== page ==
Translating is an art where grammar, spelling, and rhetoric come together to give sense and meaning to a group of words from one language to another.
When we talk about translations, sometimes we think that anyone who knows the source language and the target language can do it, which is partly true, but translating an important document to do paperwork requires experience and knowledge of techniques that only a certified translator knows how to use.
A certified translator is a person who has studied the methods and techniques of translation, as well as the cultures of the source and target language. To obtain a certification qualification, the person must pass an exhaustive examination in which he/she will apply the techniques and methods learned, considering the culture, grammar, and target audience.
In the case of the U.S. Citizenship and Immigration Services (USCIS), the translation of documents that are not originally in English is required to be done by a certified translator who certifies that the translation is complete, correct, and competent.
The Code of Federal Regulations, 8CFR 103.2(b)(3), regarding translations, states, "Every document containing a foreign language submitted to USCIS shall be accompanied by a complete English translation that the translator has certified as complete and accurate and by the translator's certification that he or she is competent to translate from the foreign language into English."
The documents required by USCIS and that need to be translated into English are birth certificates, marriage certificates, divorce certificates, academic degrees, death certificates, passports, bank statements, police records, criminal records, transcripts (schools, colleges, universities), affidavits, and others.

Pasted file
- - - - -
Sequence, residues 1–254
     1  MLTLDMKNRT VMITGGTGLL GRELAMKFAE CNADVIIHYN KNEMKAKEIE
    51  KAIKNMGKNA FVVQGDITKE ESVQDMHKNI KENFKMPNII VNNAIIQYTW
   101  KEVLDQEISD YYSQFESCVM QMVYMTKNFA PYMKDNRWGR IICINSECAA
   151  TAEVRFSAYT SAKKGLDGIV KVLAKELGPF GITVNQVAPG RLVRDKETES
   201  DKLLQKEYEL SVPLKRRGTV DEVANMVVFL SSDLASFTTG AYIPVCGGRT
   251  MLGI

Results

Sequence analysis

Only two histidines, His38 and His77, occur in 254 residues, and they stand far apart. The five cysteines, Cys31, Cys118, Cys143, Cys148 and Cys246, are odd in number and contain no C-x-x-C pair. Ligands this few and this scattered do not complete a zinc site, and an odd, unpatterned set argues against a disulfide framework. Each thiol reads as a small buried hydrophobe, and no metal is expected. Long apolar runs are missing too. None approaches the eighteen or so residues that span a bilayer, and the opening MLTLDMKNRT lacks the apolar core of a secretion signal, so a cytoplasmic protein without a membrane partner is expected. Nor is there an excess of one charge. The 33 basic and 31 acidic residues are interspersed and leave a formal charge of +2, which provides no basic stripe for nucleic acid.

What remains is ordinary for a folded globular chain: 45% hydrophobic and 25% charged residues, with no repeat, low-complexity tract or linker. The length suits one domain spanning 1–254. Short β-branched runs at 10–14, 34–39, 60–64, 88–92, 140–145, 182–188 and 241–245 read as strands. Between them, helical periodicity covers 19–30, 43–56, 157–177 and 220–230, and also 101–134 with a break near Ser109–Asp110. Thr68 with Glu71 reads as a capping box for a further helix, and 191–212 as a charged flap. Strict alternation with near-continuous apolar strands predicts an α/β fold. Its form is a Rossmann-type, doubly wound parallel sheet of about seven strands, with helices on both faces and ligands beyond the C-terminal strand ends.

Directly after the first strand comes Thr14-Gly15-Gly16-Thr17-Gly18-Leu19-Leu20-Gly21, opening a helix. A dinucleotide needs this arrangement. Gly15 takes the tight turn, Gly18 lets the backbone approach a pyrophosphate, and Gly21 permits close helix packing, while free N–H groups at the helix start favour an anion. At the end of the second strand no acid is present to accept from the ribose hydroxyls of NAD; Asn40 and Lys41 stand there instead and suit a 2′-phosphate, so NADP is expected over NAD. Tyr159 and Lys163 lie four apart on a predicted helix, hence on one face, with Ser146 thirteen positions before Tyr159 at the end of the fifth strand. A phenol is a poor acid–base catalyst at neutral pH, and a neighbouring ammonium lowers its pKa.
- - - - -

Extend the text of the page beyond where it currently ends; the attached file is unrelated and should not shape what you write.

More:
Previously, we had said that USCIS requires the translated documents to be complete, correct, and competent. What does this mean?
It means that no information should be missing from the original document to the English translation. The format of the certified translation must also reflect the original document.
This means that all information has been accurately translated. Names, numbers, addresses, and any other information in the original document should be spelled the same in both languages. (If the person's name is Pedro, the name should not be changed to Peter).
USCIS requires the translation to be certified because if the information is found to be incorrect and incomplete, the translator will be held responsible and not you. Furthermore, if USCIS needs clarification on the certified translation, they will contact the translator with the contact information provided on the certification.
IMPORTANT: If you do not submit your documents translated into English by a certified translator with certification of the translation, your case will likely be denied. So be prepared.
At Traducy we have certified translators who provide complete, complete, and competent translation services.
Call us at 385-977-8713 or email us at firstname.lastname@example.org or visit our website: www.traducy.com if you need help or if you would like to get your free quote or estimate.